p

Henley-on-Thames to Tilehurst along the Thames Path.

IMG_4555.jpg

Another of our long walks along the River thames this time starting in Henley-on-Thames and finishing in the Town of Tilehurst a total distance of about 12.5 miles.

Mapping (sorry cant get it to Embed with WordPress)

https://my.viewranger.com/track/widget/6822509?locale=en&m=miles&v=2

Once at Tilehurst Station you will find the River Thames just over the Barrier however you cannot get down from the Station platform, just head onto the road and head North west along Oxford Road until you find the Roebuck Hotel and the bridge leading down to the path. You will pass some great real estate along the banks of the thames as you approach the City of reading, as soon you will find yourself at Redgrave Pinsent Rowing lake names after he Olympic rowers Sir Steve Redgrave and Sir Matthew Pinsent. The lake and its boathouse are specifically designed for training use, and provide training, medical, and scientific facities for the GB rowing squad, and for Oxford University in preparation for the Boat Race.

You will find many locks along the path including Sonning lock and Caversham Lock. You will also see along the route Caversham bridge that opened in 1926. 

A great but long walk this one but the ground is flat and easy with loads to see on route. Watch out because after rain some of the path can become a bit boggy under foot so take good walking boots. There are plenty of pubs along the route if you fancy a beer whilst out.

Transport Links:

We first made our way to Henley on Thames train station operated by Great Western Train services. The Car park has plenty of spaces so we parked here easily and on a Saturday it will cost you £5 for all day. To get toTilehurst just take the train to Twyford then change to Tilehurst it cost about £13 for 2 single tickets and took about 35mins in total.

 

 

Bury St Edmunds

The second part of the days trip took us to Bury St Edmonds in East Suffolk. The town sprung up around 1080 and was known for Brewing and Malting, The green king brewery is still in the Town as well as the Silver Spoon sugar works. Parking was easy with loads of long stay car parks and only cost a couple of Pound.

The highlight of the tour was walking around the ruins of the old Abbey , it was the Burial place of the king St Edmund who was killed by the Vikings in 869. Must say its an impressive town with some nice bars and restaurants if you are staying overnight.

History from Wikipedia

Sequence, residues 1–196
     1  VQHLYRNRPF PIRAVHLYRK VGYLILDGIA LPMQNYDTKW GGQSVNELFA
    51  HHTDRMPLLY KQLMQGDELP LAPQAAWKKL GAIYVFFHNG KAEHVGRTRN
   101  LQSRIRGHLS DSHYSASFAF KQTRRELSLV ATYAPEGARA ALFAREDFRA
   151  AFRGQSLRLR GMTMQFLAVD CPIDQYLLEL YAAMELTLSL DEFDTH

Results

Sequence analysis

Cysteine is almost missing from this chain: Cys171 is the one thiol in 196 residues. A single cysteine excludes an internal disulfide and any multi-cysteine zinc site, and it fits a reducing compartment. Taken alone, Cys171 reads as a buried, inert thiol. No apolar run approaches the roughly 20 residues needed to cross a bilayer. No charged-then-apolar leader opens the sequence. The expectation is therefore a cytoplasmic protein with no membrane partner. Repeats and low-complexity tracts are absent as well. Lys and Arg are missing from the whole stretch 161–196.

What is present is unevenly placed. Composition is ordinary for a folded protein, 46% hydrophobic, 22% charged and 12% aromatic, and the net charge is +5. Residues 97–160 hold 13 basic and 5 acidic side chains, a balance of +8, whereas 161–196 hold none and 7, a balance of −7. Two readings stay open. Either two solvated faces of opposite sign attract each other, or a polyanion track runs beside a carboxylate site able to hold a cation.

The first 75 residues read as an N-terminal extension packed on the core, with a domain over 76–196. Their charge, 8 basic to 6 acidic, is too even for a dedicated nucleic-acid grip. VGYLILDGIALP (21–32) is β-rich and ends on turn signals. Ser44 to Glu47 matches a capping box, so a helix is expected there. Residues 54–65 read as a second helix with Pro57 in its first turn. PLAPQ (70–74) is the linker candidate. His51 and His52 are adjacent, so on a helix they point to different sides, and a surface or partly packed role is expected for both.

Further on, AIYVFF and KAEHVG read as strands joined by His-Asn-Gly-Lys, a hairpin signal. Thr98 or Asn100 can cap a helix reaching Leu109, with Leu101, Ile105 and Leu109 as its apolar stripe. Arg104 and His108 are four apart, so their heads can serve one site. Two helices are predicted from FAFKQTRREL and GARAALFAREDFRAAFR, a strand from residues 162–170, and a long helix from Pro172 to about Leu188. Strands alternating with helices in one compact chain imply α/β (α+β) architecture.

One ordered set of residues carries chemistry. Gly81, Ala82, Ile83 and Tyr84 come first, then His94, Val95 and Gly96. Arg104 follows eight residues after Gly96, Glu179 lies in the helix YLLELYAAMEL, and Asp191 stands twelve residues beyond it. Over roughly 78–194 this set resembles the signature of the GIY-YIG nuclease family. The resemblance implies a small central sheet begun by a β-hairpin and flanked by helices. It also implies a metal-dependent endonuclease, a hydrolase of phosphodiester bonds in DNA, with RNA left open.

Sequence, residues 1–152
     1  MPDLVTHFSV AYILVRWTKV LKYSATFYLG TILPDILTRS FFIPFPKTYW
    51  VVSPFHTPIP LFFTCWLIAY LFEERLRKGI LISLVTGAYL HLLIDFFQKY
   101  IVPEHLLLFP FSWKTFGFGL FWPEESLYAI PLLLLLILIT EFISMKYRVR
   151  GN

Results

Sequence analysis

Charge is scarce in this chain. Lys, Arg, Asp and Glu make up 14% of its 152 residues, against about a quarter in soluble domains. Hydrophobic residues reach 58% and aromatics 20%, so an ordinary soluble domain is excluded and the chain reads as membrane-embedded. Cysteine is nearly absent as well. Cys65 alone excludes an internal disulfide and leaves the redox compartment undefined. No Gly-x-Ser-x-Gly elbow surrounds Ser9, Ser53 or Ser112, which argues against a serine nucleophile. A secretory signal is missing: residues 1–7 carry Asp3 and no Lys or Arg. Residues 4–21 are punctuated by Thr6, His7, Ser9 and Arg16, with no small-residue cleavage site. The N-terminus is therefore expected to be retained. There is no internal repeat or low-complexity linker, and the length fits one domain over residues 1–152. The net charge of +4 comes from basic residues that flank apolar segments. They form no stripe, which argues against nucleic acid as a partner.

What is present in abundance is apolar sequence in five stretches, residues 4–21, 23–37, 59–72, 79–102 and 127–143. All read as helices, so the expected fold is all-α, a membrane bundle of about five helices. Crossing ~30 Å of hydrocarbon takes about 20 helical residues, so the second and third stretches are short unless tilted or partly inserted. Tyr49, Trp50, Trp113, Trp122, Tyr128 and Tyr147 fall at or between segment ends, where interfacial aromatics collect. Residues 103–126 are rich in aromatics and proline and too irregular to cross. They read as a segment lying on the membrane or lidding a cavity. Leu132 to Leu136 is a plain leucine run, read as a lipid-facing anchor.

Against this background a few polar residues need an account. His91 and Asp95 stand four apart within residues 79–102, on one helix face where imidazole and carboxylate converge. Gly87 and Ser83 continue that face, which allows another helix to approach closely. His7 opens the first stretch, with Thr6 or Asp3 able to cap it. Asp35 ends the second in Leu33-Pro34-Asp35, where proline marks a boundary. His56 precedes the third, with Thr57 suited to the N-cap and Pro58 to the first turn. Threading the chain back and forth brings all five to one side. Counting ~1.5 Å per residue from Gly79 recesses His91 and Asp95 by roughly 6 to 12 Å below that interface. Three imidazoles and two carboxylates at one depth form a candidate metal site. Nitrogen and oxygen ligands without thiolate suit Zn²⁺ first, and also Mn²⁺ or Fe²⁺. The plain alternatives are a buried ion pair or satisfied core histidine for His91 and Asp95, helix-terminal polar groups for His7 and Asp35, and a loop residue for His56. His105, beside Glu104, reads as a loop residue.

Bury St Edmunds (Beodericsworth, Bedrichesworth, St Edmund’s Bury), supposed by some[who?] to have been the Villa Faustina of the Romans, was one of the royal towns of the Saxons.[citation needed] Sigebert, king of the East Angles, founded a monastery here about 633, which in 903 became the burial place of King Edmund, who was slain by the Danes in 869, and owed most of its early celebrity to the reputed miracles performed at the shrine of the martyr king. The town grew around Bury St Edmunds Abbey, a site of pilgrimage. By 925 the fame of St Edmund had spread far and wide, and the name of the town was changed to St Edmund’s Bury.

Lavenham

with a Friday off work and some decent January weather at last we decided to go for a drive into Suffolk to the village of Lavenham. Its a long drive from South Northants but worth the visit. The village is noted for its 15th Century timbered medieval cottages and luckily on the day we visited it was not to busy. There are a large number of gift shops to take your cash and some nice pubs also dotted around the village. The villages wealth come mainly from the Wool trade and it was in the 20 most wealthiest settlements in england you will note the huge church of St Peter & St Paul thats stands in the village it is known as a wool church financed by wealthy wool merchants . The decline of the village come from immigrants coming from Holland producing cloth much cheaper than they could produce.

The Guild Hall.

This grand old house now belonging to the National Trust sits in the heart of the village. This late 15th century Guildhall has a checkered history , it was built in the late 15th Century. Four guilds were setup in the village by local merchants with the main one being the Wool Guild the building become the main and most important property in the village. After the decline of the wool trade it become a Bridewell where the prisoners were treated very poorly and forced into hard labour whilst there. They explained a story how a young girl of Eleven was finally transported to Australia for Petty crimes., After that it become the local Workhouse.

Gloucester Cathedral

IMG_4012.jpg
Gloucester Cathedral.